Why is Presidential Impeachment So Different Every Time?

How impeachment plays out has everything to do with the political climate and the president's personality.

In 1974, just the threat of impeachment was enough to push President Richard Nixon to resign from office.

Contrary to what you might remember from history class, Nixon was never actually impeached for “high crimes and misdemeanors” related to the Watergate scandal. Instead, he stepped down when he realized the evidence was damning, his political support was gone and he was likely to be convicted and removed via impeachment.

But though he was never officially impeached, he’s the only president to have left office because of an impeachment process.

President Bill Clinton was impeached — but stayed for the rest of his second term. Back in the 1800s, President Andrew Johnson was impeached, too, but also remained in office. Neither was convicted of the crimes they were impeached for, which would have resulted in removal from office.

Impeachment in 2019

So where does that leave President Donald Trump?

An impeachment inquiry was launched by the U.S. House of Representatives in September after a whistleblower report alleged Trump had used his office for personal gain, most notably to pressure the Ukrainian government to investigate political opponent Joe Biden.

But rather than backing down, Trump has pushed back. The presidential impeachment process has been so different every time because the outcome is linked so closely to the personality of the president and the political whims of the time, said Robert J. McWhirter, attorney, constitutional historian and author of “Bills, Quills and Stills: An Annotated, Illustrated, and Illuminated History of the Bill of Rights.”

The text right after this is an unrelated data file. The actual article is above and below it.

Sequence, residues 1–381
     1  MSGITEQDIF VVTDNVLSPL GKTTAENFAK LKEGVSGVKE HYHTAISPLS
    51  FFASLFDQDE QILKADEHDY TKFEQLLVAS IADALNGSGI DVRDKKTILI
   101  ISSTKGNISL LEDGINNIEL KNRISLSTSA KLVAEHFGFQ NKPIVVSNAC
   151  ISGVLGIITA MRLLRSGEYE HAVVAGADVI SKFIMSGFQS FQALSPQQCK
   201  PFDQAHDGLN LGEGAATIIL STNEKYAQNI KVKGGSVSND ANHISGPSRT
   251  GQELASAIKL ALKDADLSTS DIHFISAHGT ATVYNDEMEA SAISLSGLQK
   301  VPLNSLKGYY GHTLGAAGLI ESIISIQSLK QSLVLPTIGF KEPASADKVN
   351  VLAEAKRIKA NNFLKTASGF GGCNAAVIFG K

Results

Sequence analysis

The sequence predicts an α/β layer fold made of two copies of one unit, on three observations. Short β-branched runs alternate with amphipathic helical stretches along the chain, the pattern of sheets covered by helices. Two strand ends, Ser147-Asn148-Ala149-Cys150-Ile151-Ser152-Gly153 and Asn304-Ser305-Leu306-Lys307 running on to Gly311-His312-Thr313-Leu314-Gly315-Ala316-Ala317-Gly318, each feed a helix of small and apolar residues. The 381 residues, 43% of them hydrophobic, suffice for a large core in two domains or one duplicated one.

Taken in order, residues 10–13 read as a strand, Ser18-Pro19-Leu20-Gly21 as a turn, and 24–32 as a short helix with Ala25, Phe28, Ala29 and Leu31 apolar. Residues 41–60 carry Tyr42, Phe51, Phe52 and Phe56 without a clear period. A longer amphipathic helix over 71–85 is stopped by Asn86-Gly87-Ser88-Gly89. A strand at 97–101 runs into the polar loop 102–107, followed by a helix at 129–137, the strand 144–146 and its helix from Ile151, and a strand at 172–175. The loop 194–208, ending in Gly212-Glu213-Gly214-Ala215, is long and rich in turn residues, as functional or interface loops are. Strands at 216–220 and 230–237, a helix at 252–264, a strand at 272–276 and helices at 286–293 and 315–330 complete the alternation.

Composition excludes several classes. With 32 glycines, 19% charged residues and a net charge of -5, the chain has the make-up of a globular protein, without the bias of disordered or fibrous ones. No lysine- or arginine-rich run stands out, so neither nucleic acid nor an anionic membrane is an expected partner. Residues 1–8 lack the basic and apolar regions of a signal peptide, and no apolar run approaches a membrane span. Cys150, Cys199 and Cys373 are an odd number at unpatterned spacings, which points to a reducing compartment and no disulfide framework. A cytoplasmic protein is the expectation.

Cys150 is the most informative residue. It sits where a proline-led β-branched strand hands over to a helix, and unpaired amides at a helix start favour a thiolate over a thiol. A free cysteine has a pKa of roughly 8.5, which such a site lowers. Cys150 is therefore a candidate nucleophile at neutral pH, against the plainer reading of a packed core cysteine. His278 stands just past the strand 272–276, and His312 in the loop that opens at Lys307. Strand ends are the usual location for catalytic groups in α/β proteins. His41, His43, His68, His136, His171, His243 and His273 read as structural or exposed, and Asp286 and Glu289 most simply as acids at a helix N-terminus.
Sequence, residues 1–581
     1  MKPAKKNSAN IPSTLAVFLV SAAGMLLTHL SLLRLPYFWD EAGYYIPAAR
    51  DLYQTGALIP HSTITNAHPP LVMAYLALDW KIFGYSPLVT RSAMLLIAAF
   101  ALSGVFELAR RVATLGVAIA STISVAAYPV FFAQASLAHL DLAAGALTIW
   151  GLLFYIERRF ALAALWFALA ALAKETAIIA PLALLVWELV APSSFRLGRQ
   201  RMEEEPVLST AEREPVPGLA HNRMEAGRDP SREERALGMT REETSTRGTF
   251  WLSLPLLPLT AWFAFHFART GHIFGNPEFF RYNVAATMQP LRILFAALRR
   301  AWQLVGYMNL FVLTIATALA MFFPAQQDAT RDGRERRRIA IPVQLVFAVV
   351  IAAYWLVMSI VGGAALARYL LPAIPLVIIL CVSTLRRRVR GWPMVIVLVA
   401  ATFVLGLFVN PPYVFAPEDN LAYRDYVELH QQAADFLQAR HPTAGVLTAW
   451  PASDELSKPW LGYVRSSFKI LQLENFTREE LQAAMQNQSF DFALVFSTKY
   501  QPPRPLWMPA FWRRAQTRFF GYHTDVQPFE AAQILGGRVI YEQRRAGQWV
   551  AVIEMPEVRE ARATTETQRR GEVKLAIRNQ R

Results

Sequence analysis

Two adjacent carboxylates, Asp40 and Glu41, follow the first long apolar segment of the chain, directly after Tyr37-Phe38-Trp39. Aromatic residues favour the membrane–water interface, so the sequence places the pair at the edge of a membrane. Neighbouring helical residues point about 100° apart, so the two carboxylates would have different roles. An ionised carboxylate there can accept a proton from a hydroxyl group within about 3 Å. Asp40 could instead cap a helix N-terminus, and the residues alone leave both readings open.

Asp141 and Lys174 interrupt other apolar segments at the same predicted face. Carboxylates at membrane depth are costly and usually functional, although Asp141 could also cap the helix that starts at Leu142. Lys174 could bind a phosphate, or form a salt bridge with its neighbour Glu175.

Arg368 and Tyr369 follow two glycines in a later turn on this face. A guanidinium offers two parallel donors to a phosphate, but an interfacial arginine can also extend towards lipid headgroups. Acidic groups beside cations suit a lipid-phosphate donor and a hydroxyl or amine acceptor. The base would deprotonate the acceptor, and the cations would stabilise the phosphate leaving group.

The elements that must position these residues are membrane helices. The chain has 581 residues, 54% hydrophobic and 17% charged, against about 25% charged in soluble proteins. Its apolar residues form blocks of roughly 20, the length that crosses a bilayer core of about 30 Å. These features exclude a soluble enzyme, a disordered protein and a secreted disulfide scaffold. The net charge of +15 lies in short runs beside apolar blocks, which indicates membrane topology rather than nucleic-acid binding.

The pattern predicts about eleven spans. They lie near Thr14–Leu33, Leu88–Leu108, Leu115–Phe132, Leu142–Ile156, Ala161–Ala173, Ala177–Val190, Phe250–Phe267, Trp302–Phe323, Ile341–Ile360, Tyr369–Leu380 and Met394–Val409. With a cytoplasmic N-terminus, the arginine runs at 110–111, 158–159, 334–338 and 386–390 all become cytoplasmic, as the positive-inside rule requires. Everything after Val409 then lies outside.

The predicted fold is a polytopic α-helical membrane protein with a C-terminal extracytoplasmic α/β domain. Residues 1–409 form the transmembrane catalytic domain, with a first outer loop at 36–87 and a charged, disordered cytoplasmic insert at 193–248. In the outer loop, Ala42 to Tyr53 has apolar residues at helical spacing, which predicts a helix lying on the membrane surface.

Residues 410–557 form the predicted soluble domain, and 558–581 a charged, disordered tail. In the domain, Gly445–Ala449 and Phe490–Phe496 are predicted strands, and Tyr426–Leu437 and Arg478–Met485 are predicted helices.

First of all, what’s considered an impeachable offense has been inconsistent.

“If you compare, for instance, what people thought the standard was in 1974, compared with what they ended up impeaching Bill Clinton for, it’s different,” McWhirter said. “In a sense they lowered that bar greatly.”

Nixon committed a criminal offense, but “Clinton was impeached for something that didn’t involve public trust,” basically sexual impropriety, McWhirter said. However, “an impeachable offense is whatever the majority of Congress thinks it is at that moment in history.”

And how a president reacts to the threat of impeachment depends on their personality, as well as their popularity.

“Richard Nixon was smart enough… to realize he had been caught and there was no way he was politically going to beat that back,” McWhirter said. “He basically saw the writing on the wall.”

But Clinton’s impeachment was unpopular with the American people, and only made Clinton, a Democrat, more popular. After the proceedings, his approval rating peaked at 73 percent, the highest of his presidency. It didn’t make political sense for him to resign like Nixon did.